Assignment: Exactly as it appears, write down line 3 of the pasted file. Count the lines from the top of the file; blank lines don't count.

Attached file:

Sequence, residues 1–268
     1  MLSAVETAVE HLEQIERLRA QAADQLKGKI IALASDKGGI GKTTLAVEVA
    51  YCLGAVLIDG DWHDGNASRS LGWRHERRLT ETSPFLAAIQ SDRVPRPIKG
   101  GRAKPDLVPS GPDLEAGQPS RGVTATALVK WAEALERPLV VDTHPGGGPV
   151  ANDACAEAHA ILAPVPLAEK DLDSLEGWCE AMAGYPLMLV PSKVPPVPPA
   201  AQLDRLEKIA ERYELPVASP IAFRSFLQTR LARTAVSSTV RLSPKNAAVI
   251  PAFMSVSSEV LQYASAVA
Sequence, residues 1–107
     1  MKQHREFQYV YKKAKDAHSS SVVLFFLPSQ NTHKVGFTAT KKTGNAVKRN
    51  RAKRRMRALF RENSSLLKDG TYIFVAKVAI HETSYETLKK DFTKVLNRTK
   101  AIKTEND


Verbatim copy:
    51  YCLGAVLIDG DWHDGNASRS LGWRHERRLT ETSPFLAAIQ SDRVPRPIKG